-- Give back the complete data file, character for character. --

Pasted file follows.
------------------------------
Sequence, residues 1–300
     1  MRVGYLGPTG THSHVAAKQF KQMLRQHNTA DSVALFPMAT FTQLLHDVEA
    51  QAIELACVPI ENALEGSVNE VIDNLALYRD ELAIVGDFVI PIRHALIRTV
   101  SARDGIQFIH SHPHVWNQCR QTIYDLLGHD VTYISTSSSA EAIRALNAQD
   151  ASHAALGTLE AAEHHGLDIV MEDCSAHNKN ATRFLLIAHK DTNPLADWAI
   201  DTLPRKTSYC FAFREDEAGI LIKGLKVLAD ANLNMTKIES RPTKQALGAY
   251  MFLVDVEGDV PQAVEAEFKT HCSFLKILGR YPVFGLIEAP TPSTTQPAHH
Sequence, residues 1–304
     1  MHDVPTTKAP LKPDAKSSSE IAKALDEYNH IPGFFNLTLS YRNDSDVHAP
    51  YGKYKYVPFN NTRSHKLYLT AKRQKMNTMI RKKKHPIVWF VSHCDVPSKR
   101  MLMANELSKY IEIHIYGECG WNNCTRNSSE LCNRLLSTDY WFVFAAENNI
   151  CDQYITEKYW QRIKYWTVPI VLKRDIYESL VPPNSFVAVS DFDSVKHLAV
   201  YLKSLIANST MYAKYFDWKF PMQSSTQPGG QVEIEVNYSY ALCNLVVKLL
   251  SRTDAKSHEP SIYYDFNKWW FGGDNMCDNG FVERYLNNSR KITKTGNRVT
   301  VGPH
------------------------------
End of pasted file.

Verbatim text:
Sequence, residues 1–300
     1  MRVGYLGPTG THSHVAAKQF KQMLRQHNTA DSVALFPMAT FTQLLHDVEA
    51  QAIELACVPI ENALEGSVNE VIDNLALYRD ELAIVGDFVI PIRHALIRTV
   101  SARDGIQFIH SHPHVWNQCR QTIYDLLGHD VTYISTSSSA EAIRALNAQD
   151  ASHAALGTLE AAEHHGLDIV MEDCSAHNKN ATRFLLIAHK DTNPLADWAI
   201  DTLPRKTSYC FAFREDEAGI LIKGLKVLAD ANLNMTKIES RPTKQALGAY
   251  MFLVDVEGDV PQAVEAEFKT HCSFLKILGR YPVFGLIEAP TPSTTQPAHH
Sequence, residues 1–304
     1  MHDVPTTKAP LKPDAKSSSE IAKALDEYNH IPGFFNLTLS YRNDSDVHAP
    51  YGKYKYVPFN NTRSHKLYLT AKRQKMNTMI RKKKHPIVWF VSHCDVPSKR
   101  MLMANELSKY IEIHIYGECG WNNCTRNSSE LCNRLLSTDY WFVFAAENNI
   151  CDQYITEKYW QRIKYWTVPI VLKRDIYESL VPPNSFVAVS DFDSVKHLAV
   201  YLKSLIANST MYAKYFDWKF PMQSSTQPGG QVEIEVNYSY ALCNLVVKLL
   251  SRTDAKSHEP SIYYDFNKWW FGGDNMCDNG FVERYLNNSR KITKTGNRVT
   301  VGPH